1860’s Politics: How Did Voter Apparel Show Support For Candidates?
Do you wear t-shirts to support a favorite candidate? How about a bumper sticker on your car or truck? Hopefully, you got an “I voted” sticker today!
In the 1860’s, they didn’t wear t-shirts, and I have yet to find a bumper sticker for a wagon or carriage. (Send me a message if you can find one – and a political bandwagon for a rally doesn’t count…) So what did people wear to show their support of a candidate or political party?
They wore cockades. A cockade is gathered ribbon, usually with a plain or symbolic button at the center. These “political badges” had been used long before the 1860’s. For example – during the American Revolution, Patriots and Tories could advertise their allegiance by wearing cockades on their hats.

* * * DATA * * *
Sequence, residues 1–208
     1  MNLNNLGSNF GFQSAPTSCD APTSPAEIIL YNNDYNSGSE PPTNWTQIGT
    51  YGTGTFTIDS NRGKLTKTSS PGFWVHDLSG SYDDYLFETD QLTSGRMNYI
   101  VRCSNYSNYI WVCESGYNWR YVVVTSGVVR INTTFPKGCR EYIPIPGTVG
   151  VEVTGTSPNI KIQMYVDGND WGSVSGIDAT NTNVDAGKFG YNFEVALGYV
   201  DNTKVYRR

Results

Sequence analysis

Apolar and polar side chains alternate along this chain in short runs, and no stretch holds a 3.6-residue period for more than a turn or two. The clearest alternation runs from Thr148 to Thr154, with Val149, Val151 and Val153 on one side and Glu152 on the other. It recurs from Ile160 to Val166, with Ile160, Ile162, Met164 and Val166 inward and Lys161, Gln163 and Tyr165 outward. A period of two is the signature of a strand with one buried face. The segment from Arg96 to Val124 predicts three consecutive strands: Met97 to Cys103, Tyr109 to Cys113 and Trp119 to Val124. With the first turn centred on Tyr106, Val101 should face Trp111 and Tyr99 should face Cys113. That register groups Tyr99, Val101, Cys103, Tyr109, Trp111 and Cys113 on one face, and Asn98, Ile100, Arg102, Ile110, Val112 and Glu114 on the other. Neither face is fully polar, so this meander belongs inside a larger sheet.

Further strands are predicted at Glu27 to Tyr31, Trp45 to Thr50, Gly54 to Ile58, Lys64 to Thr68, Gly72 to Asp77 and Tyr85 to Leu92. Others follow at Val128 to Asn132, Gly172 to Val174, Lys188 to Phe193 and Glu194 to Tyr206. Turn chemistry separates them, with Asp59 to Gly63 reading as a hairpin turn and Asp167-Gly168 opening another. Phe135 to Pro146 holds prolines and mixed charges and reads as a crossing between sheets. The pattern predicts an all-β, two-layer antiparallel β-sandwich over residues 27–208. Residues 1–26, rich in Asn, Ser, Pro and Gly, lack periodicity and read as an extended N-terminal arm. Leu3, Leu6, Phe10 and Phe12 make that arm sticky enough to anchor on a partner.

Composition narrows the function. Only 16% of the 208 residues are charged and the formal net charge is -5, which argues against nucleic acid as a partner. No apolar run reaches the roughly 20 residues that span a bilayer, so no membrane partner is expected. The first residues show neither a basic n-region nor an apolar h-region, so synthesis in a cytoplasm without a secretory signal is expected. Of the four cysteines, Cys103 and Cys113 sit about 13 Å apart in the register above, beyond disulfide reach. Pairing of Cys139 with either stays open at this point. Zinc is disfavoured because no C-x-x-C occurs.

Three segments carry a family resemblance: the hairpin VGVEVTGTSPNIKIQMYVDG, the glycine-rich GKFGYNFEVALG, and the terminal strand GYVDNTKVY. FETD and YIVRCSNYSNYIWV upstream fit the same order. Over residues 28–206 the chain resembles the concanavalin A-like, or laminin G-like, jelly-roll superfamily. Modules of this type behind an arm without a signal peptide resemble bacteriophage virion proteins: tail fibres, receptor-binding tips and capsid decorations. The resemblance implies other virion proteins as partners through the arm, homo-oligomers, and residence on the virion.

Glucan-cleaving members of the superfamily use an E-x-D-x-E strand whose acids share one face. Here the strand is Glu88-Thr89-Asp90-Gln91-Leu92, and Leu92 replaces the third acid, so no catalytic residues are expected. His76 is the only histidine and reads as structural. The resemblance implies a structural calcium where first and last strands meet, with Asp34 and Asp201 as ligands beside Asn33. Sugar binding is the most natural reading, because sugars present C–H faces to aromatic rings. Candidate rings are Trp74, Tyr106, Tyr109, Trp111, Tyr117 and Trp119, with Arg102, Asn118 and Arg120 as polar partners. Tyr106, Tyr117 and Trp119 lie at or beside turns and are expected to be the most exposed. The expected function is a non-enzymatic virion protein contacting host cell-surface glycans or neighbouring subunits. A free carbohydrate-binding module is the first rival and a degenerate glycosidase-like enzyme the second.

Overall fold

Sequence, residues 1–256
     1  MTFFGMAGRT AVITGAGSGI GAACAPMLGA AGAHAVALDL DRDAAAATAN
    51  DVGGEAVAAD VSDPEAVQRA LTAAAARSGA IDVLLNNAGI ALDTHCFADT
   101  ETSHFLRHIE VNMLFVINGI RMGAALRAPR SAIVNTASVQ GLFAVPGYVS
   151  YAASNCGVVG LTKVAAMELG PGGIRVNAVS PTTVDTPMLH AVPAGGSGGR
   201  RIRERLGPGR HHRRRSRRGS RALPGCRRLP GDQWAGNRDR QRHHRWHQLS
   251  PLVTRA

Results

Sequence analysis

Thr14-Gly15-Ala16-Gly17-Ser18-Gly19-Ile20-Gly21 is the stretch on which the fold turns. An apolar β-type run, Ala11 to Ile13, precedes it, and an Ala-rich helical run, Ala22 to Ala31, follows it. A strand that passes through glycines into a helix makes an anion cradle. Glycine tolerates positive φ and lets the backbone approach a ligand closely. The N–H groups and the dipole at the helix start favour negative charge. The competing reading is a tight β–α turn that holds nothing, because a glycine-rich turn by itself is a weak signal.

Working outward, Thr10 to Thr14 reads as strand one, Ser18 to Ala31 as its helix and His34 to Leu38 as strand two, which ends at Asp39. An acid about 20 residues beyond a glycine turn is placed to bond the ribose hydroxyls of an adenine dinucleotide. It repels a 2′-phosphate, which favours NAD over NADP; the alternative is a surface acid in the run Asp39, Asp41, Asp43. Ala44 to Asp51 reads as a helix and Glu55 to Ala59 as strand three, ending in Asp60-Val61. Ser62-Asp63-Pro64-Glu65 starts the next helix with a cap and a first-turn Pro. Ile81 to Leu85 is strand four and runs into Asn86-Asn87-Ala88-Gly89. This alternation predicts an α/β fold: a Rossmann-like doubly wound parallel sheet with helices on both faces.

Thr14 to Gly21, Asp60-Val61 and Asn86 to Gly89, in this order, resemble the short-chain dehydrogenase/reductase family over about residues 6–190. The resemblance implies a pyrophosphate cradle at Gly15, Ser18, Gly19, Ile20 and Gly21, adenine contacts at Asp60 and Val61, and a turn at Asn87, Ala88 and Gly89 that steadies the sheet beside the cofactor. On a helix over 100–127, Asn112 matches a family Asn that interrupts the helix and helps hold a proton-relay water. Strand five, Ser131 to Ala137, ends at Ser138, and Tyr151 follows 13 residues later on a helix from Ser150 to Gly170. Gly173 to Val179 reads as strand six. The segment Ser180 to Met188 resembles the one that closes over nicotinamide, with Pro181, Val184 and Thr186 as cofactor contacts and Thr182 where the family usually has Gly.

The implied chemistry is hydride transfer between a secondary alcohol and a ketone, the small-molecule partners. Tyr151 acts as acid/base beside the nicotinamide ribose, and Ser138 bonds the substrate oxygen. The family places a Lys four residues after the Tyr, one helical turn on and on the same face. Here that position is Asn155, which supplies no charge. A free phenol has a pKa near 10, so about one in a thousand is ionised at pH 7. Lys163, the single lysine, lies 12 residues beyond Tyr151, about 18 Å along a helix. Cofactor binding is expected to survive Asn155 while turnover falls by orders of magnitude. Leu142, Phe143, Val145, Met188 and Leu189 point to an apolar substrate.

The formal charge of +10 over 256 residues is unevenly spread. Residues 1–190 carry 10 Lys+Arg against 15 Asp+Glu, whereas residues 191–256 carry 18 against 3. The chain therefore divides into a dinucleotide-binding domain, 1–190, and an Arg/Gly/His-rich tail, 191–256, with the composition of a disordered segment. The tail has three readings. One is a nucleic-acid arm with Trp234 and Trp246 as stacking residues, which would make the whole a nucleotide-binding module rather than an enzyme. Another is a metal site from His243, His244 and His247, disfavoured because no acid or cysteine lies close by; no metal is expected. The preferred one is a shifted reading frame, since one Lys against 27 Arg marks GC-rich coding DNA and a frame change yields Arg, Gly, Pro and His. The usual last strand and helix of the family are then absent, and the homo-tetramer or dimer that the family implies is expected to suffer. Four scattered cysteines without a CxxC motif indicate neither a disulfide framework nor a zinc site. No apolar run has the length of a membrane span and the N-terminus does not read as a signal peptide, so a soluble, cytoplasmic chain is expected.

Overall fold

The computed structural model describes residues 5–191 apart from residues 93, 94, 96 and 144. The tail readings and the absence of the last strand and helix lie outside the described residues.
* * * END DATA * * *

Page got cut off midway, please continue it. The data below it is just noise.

I’ve rounded up some photos of cockades from Civil War elections for some historical and non-partisan enjoyment on this tense and exciting election night. (I don’t know of any copyrights or required credits on these images, so just enjoy!)
Aren’t they beautiful? Hey, I like my “I voted” sticker, but I really want a small patriotic cockade! I don’t know if I’d actually buy or make one to support a candidate, but Americana red-white-blue style is awesome. (You might want to check out the cockades for sale and find more history on the website: Creative Cockades )
Well, the 2016 election is almost over…but we still have a week left in “1860’s Politics” here at Emerging Civil War. Stay tuned!